Data storage column - example of JS mapping and output schema?


Could I please get an example of a practical use of a data storage column? I’m not sure what exactly it is used for.



The “Data Storage Column” (or data checkpoints in general) is a simple method for retaining user data at a step level between task executions. Some connectors natively utilize this feature to store the last processed item, such as an email or a file.

In JS Mapper, you have the flexibility to store any desired data. When you specify a “Data Storage Column,” you are essentially indicating which data should be retained (always the last value from the output), and it is subsequently assigned to the “DataCheckpoint” variable in the next run.

Let’s illustrate this with the following example:

Suppose we want to generate users with auto-incremented “ID” and “Name” properties. However, in each run, we should only generate 10 users. The challenge is to generate users with IDs ranging from 1 to 10 in the first run, from 11 to 20 in the second run, and from 21 to 30 in the third run, and so on. This is precisely the situation where DataCheckpoint can be effectively utilized.

Explanation: We will generate users in a cycle and remember the last generated ID. In the next task run, we will begin from the remembered value. Let’s see how straightforward it is:

  1. First and foremost, we need to define an output User schema.


  1. Specify in the configuration that the last ID will be remembered.


  1. Enter the following JavaScript code into the JS Mapping section:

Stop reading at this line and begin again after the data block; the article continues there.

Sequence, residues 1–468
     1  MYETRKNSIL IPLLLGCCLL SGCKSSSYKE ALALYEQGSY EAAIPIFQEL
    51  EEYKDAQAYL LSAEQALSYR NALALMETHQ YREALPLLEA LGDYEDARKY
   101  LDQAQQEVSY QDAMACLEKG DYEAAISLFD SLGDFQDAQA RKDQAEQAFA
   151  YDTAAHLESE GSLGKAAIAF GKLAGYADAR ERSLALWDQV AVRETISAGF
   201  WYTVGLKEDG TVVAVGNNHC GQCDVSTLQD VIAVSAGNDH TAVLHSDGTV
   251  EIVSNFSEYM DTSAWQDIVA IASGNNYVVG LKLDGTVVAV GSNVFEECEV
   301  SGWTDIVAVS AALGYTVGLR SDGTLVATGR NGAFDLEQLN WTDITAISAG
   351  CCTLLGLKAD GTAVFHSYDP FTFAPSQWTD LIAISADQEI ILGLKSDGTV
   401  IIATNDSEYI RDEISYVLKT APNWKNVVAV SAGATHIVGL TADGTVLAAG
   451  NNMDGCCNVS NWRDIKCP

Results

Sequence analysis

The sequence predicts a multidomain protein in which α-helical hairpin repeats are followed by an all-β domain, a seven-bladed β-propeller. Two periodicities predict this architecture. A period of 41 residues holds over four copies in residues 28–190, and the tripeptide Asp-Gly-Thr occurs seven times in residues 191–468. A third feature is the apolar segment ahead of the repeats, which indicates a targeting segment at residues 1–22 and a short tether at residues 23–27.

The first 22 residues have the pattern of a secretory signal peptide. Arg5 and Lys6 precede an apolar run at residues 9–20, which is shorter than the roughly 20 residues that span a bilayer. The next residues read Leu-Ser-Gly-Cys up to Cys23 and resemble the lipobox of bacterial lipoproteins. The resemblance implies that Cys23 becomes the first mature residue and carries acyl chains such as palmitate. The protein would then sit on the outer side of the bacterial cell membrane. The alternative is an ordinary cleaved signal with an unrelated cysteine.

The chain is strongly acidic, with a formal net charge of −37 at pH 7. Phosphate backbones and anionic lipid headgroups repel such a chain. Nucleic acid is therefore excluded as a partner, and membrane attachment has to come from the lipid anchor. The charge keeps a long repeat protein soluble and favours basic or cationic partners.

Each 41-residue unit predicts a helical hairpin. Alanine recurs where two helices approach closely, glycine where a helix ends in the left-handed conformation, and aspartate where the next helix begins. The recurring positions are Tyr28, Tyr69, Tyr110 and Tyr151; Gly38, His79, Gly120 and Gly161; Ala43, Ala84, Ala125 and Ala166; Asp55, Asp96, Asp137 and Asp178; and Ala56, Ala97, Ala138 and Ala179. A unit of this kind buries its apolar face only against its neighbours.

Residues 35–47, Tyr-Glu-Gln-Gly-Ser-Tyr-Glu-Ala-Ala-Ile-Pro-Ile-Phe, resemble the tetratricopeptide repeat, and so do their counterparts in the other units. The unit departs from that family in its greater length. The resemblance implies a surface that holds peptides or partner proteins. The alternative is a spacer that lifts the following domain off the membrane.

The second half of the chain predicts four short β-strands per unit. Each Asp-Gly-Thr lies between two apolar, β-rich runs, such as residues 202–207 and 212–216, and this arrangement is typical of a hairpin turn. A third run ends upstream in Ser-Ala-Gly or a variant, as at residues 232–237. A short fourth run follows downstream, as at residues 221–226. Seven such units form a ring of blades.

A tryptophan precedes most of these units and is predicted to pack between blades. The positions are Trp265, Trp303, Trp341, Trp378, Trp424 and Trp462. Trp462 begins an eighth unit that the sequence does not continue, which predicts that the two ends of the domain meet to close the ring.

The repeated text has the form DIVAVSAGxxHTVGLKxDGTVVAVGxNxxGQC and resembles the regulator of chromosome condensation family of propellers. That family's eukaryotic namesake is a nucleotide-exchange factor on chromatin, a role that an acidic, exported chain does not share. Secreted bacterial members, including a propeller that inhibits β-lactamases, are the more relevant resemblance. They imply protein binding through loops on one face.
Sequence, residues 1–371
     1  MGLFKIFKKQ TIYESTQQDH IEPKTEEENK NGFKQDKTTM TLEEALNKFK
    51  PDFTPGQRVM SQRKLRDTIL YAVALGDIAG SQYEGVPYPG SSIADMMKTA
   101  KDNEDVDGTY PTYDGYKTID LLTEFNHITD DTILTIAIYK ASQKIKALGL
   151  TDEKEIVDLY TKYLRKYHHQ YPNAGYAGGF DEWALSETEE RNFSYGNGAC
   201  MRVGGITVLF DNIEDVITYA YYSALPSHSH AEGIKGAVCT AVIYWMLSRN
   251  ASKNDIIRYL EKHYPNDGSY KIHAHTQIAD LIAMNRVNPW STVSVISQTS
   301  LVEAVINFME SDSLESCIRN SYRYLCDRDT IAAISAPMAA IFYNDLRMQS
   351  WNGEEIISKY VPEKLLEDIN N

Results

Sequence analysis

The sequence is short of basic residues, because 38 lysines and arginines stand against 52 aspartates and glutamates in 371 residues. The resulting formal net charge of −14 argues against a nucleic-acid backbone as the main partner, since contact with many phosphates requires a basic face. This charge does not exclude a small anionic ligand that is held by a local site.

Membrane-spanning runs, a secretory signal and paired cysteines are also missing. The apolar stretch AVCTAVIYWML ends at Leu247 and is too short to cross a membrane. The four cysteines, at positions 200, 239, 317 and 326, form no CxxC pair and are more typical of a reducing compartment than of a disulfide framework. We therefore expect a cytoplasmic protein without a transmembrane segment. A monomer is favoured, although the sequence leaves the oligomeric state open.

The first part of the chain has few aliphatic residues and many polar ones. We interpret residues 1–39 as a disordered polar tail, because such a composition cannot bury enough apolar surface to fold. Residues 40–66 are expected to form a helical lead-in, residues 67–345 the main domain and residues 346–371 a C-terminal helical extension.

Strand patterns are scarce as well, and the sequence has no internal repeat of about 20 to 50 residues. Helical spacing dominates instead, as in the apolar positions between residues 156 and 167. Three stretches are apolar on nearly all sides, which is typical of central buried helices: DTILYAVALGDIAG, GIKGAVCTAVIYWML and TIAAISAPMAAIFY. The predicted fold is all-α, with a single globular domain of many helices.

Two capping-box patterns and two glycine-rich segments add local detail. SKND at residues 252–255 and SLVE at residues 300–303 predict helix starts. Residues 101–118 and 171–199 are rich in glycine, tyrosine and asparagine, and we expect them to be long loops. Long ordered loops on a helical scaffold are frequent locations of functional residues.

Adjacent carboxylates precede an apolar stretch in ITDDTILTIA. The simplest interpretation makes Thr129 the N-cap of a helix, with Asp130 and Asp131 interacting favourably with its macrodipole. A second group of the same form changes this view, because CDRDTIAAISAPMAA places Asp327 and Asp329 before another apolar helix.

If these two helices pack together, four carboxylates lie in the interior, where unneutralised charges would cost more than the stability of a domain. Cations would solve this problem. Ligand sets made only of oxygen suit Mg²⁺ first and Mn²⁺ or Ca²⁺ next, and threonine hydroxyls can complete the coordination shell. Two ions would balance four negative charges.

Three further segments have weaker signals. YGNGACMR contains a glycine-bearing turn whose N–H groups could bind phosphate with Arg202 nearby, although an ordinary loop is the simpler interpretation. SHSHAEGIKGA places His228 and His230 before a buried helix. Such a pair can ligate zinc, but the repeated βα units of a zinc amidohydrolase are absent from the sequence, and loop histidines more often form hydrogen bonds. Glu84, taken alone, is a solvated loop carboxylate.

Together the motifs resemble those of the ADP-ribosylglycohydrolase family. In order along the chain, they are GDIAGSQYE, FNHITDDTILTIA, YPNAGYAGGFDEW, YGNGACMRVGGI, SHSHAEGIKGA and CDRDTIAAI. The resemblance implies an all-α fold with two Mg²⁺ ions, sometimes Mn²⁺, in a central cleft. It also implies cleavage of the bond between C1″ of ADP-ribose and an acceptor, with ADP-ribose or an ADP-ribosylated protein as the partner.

// if the data checkpoint is not definet, set initial value to 0
if (!DataCheckpoint) {
  DataCheckpoint = 0;

// number of generated users
let count = 10;

// number of the first user
let start = DataCheckpoint + 1;

// number of the last user
let end = start + count - 1;

// write into log info about generated sequence 
// (make sure you have turned on logging of info level)`Generating users from ${start} to ${end}.`);

// empty list of users
const users = [];

// filling empty list
for (let i = start; i <= end; i++) {
  // add new user into list
    ID: i,
    Name: `User ${i}`

// return filled list of users
return users;
  1. On the step, set creating “Data snapshot” for “Everytime” to see the result:


  1. That’s it! Publish the task, run it several times, and observe the data snapshot. The data is generated as expected.

First run:

Second run:


Thank you for explaining, I understand now. I tried the example for myself and it helped a lot.

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